Re: [R] Understanding eval

From: Charilaos Skiadas <cskiadas_at_gmail.com>
Date: Sat, 22 Dec 2007 17:45:52 -0500

On Dec 22, 2007, at 4:44 PM, Duncan Murdoch wrote:
>> 5) eval then creates the environment where this evaluation will
>> take place. It does that by creating an environment containing
>> the frame "a=5", and with enclosing environment the parent frame
>> of foo, which is bar's environment.
>> 6) So, as I understand it, the symbol "er" is going to now be
>> evaluated in an environment where a is set to 5 and er is set to
>> a, along with whatever is in the user's workspace.
>
> I think this part is wrong. A better description is:
>
> er is going to be evaluated in an environment where a is set to 5.
> The parent of that environment is the bar evaluation frame, where
> er is set to be a promise to evaluate a in the global environment.
>
>> 7) So the first step now is looking up a definition for er.
>> Nothing is found in the current frame, so the evaluation proceeds
>> to bar's environment, where the association "er=a" is found, so
>> er is replaced by a.
>
> No, at this point an attempt is made to force the promise.
> Promises have their own associated environments, and that's where
> the evaluation takes place. In the case of the er object, the
> associated environment is the one where bar(a) was called, i.e. the
> global environment.
>
>> 8) Now, and perhaps this is where I misunderstand things, the
>> lookup for a will take place. My thinking was that the lookup
>> would start from the evaluation environment that eval created,
>> and hence would locate the a=5 value. But this is clearly not
>> what happens.
>> Anyway, hope someone will correct me where I'm wrong, and explain
>> to me what I am doing wrong, and ideally how to diagnose such
>> things.
>
> Diagnosing things like this is hard. Promises are very difficult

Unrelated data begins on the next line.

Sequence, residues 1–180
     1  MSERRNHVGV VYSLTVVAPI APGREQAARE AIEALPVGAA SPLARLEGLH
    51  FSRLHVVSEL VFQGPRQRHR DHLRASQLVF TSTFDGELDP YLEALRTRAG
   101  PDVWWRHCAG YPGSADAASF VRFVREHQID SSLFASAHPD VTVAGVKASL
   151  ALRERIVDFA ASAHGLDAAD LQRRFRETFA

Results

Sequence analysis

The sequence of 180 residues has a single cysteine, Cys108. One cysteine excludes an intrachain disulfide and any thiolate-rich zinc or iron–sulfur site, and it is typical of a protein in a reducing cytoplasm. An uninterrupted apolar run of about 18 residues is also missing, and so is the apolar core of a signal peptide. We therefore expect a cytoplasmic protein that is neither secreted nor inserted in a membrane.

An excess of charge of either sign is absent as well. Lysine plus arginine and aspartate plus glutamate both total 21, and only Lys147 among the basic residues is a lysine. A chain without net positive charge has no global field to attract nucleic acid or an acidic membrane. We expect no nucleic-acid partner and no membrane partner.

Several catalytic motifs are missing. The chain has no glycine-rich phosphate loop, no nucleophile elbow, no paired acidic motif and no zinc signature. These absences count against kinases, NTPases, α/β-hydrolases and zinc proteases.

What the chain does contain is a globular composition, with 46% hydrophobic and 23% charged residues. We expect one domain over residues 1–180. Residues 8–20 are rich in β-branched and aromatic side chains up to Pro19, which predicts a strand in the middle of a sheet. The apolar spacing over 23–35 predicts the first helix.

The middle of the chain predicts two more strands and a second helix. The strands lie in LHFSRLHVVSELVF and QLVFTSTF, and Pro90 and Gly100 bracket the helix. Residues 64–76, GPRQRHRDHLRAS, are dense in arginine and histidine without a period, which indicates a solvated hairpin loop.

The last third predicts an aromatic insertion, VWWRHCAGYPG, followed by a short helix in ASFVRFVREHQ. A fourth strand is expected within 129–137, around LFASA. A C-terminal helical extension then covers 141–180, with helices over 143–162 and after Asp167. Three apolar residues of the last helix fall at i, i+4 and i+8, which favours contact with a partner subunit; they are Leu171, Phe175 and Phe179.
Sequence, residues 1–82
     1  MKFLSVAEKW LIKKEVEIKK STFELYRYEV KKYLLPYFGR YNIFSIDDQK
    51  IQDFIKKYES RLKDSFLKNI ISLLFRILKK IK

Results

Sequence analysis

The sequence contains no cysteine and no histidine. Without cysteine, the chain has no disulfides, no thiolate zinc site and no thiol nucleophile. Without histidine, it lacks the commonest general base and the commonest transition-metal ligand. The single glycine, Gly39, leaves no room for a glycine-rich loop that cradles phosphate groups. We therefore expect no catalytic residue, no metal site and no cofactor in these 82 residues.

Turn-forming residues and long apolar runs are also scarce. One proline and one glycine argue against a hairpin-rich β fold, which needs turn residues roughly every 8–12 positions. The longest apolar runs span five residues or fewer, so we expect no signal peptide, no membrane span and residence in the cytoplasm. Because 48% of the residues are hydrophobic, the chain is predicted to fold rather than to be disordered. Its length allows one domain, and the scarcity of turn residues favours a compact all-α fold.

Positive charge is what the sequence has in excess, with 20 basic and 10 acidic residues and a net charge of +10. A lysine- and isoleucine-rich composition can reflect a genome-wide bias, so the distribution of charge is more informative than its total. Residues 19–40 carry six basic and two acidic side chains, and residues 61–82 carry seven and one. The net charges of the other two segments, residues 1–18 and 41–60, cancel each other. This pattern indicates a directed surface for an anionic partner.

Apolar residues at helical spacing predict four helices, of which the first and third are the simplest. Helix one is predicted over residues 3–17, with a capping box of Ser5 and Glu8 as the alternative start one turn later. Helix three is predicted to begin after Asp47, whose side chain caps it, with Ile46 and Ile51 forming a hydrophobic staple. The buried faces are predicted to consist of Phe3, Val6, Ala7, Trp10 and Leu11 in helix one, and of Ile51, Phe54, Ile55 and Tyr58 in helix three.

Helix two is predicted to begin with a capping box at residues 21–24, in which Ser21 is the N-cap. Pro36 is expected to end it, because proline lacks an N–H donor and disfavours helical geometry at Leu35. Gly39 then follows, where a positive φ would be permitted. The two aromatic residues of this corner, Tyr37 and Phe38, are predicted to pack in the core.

> things to look at: as soon as you try to do anything with them
> they get evaluated, and there's no way in R code to display them
> without that.
> You can use substitute() to extract the expression part, but
> there's no way to extract the environment part. Maybe there should
> be, but it's tricky to get the semantics right. If the function
> environment() worked to extract the environment of a promise, then
> all sorts of code would fail where I really wanted to evaluate the
> arg before extracting the environment.

Thank you Duncan, for the very clear explanation.

Ok, so the substitute "breaks through" the promise of expr, returning as a language object the promise of er, and there's no easy way to break through that. I ended up with the following, somewhat uglier than I wanted, code, which seems to do what I need in this case, and hopefully will still work in the more general case I want it to. The idea was to break through the er promise in bar, before sending it over to foo. Then foo receives simply an expression, which it can then evaluate. Though I seem to have had to work a bit harder on that part than I expected to. Perhaps there's an easier way? Or things that can go seriously wrong with this way?

foo <- function(fr, expr) {

   ..obj <- list(.=fr)
   ..expr <- substitute(expr)
   ..txt <- parse( text=paste("substitute(",..expr,")") )
   ..expr <- eval(..txt, ..obj, parent.frame())
   ..expr <- eval(..expr, parent.frame())
   eval(..expr, ..obj)
}
bar <- function(parent, er, ...) {

   .fr=parent
   g <- substitute(er)
   foo(.fr, g)
}

 > foo(5,.)
[1] 5
 > bar(5,.)
[1] 5

> Duncan Murdoch

Haris Skiadas
Department of Mathematics and Computer Science Hanover College



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